In addition, these Israeli officials are now focused on efforts at arrangements to have Iran and Shi'ite militia forces withdraw from southern Syria. It is also reasonable that Hamas and Islamic Jihad, with Iranian encouragement, would actually be interested in friction in Gaza. It hard to believe, on the other hand, that the groups in Gaza would currently want an overall confrontation. The constellation of forces between the sides is known and it appears that Hamas' first priority is easing Gaza's economic situation. Responsibility for the dismal reality there also falls on Hamas, as the group in control of the enclave.

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But the tangle of these considerations and aims is rather difficult to maneuver. The risk entailed in the continued fire is that sooner or later one of the sides will incur real losses. And then the leadership's ability to control the height of the flames will face a greater challenge.

A window of opportunity has opened for the Netanyahu government to come to an arrangement with Hamas that may make a long-term cease-fire possible in return for a significant easing of the economic siege on Gaza. That is an achievable goal, the Israeli army believes, as noted by a senior officer in a talk to journalists on Thursday. In the absence of an arrangement, continued firing could lead to an eruption, contrary to the Israeli government's goal.

In the north

In the north, contacts on an arrangement to have Iran and the Shi'ite militias withdraw from the border with Israel in the Golan Heights have not yet seen success, despite a series of reports in the Arab media (and to a lesser extent in Israel). But the outlines of a plan for an arrangement are taking shape and becoming clearer: Russia is prepared to remove the Iranians and their militias from the border, perhaps even as far as the Damascus-Suwayda highway, about 70 kilometers (44 miles) from the Israeli Golan Heights. But Moscow is interested to have Israel agree to the return of Syrian President Bashar Assad's forces to the border with Israel in return for the Iranian pullback.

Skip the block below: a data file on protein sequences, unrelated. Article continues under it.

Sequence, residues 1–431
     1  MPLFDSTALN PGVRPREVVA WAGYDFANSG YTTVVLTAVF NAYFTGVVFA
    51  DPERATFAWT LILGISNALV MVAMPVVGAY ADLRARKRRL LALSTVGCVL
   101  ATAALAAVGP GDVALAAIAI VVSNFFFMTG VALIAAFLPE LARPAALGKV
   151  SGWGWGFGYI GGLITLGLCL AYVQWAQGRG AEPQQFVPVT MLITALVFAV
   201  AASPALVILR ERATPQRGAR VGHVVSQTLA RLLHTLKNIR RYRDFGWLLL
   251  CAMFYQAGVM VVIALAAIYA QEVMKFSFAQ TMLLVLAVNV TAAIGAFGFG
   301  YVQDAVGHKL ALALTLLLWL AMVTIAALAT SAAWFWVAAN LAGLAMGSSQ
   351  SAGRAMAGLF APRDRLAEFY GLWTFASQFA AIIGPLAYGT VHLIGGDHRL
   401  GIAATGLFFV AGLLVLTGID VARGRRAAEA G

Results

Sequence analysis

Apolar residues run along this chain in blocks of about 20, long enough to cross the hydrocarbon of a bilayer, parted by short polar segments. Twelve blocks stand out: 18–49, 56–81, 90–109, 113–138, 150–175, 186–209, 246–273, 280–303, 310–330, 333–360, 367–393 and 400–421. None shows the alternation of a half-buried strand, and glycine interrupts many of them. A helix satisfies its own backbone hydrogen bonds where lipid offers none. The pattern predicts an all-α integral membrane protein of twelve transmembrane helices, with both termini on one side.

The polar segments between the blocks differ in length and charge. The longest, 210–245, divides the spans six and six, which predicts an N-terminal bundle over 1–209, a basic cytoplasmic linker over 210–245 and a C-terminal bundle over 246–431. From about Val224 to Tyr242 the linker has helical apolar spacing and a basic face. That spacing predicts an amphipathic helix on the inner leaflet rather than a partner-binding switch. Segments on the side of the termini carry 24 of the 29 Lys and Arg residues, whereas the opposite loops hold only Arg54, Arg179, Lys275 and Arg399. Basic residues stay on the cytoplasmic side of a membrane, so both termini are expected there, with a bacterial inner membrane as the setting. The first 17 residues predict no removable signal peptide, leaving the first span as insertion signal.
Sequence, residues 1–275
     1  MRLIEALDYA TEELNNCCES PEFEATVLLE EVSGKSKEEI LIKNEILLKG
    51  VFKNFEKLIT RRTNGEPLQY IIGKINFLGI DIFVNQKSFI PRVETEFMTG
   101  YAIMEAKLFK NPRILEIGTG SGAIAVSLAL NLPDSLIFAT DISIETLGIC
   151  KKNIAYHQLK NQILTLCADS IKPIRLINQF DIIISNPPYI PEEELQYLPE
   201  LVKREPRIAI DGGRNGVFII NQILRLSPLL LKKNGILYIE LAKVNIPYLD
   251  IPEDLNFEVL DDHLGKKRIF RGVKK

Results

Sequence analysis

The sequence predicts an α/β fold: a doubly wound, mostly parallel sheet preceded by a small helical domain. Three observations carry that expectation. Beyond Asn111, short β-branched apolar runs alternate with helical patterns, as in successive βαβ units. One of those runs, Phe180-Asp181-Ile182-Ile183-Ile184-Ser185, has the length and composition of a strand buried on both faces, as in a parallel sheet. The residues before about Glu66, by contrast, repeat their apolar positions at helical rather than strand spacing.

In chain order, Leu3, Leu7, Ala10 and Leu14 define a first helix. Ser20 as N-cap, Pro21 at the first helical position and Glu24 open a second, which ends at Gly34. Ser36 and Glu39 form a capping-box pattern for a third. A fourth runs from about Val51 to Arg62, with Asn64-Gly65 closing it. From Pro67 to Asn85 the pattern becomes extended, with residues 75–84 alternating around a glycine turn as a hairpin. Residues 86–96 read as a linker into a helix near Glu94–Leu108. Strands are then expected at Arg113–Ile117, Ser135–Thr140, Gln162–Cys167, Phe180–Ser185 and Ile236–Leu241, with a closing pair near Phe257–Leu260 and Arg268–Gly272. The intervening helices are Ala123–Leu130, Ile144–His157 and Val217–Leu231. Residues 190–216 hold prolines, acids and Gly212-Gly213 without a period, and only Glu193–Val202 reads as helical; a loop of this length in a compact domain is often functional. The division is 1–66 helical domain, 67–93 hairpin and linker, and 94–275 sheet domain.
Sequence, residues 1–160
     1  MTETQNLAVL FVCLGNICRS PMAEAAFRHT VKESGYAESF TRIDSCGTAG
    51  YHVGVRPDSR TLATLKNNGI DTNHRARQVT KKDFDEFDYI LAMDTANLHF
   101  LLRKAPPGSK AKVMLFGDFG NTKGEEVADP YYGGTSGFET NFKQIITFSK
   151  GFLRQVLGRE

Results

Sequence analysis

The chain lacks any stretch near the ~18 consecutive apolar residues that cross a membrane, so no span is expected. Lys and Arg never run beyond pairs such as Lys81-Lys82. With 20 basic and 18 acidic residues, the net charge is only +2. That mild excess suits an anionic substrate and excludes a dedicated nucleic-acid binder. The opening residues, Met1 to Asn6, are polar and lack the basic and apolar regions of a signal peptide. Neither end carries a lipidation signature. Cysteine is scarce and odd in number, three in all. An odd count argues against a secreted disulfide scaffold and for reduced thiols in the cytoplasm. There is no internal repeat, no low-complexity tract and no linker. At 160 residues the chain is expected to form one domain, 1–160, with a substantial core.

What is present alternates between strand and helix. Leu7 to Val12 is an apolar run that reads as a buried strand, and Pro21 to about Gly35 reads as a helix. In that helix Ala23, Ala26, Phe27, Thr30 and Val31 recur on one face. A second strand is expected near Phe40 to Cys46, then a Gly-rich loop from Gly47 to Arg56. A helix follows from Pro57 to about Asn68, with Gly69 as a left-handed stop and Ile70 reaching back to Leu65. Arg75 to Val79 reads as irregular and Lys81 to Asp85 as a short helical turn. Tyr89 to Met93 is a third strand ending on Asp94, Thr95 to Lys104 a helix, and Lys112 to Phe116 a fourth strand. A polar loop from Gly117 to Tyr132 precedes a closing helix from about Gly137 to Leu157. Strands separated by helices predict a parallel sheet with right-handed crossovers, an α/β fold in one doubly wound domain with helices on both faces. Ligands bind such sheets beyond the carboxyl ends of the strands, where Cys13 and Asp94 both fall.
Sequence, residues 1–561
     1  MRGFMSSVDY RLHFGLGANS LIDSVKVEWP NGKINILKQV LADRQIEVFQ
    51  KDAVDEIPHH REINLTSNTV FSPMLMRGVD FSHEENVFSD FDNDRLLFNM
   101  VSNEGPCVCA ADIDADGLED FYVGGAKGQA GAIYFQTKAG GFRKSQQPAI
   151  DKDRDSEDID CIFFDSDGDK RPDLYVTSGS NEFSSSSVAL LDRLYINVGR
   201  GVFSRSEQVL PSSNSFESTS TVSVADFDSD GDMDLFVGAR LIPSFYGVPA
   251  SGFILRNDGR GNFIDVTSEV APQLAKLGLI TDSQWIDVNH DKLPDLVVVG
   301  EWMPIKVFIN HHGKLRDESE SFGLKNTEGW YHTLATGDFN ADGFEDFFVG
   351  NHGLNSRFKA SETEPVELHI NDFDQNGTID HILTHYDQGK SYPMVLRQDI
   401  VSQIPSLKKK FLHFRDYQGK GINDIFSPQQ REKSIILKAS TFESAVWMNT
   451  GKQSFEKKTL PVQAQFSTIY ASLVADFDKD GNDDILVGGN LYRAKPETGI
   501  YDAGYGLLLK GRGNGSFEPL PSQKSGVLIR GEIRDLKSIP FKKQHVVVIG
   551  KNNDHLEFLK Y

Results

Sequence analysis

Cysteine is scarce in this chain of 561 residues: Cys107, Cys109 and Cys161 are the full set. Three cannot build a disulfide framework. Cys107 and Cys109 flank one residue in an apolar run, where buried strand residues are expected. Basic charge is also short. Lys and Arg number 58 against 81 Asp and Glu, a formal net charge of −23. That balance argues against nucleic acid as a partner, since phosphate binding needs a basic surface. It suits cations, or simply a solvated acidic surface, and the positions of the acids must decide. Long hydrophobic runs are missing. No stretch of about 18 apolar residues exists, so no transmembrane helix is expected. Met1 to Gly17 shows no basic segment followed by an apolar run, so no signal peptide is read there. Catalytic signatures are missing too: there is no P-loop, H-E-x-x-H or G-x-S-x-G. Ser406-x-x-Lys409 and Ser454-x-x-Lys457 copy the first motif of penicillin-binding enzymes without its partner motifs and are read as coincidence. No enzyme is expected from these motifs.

Israel has doubts when it comes to its new-old neighbors. In addition, Prime Minister Netanyahu recently repeated the demand that Iran and the militia forces be removed from anywhere in Syria. That is a demand that the Kremlin has not responded to at this point and it is doubtful that the Russians would accept because it could involve them in a direct confrontation with Tehran. In the meantime, Syrian President Assad is creating deliberate confusion himself with his claim that Iran has only "advisers" in Syria, but no soldiers at all.

After reviewing the range of reports and after consulting with several Israeli sources, it appears that an opportunity has been created here to remove the Iranians from southern Syria in the near future. A total withdrawal from all of Syria would be a lot more difficult to achieve. One possibility is that a partial arrangement be obtained, as it was last November, through an agreement among Russia, the United States and Jordan – and for Israel to be able to declare that it is not a party to it and therefore is not bound by its provisions.

Then too, it remains to be seen if Israel will act against Iranian targets deep in Syria after Iran's presence there receives a renewed stamp of approval of sorts from the Russians. On Sunday, at the beginning of the cabinet meeting, Netanyahu said: "Israel will continue to retain its freedom of action against Iran establishing itself in any area in Syria."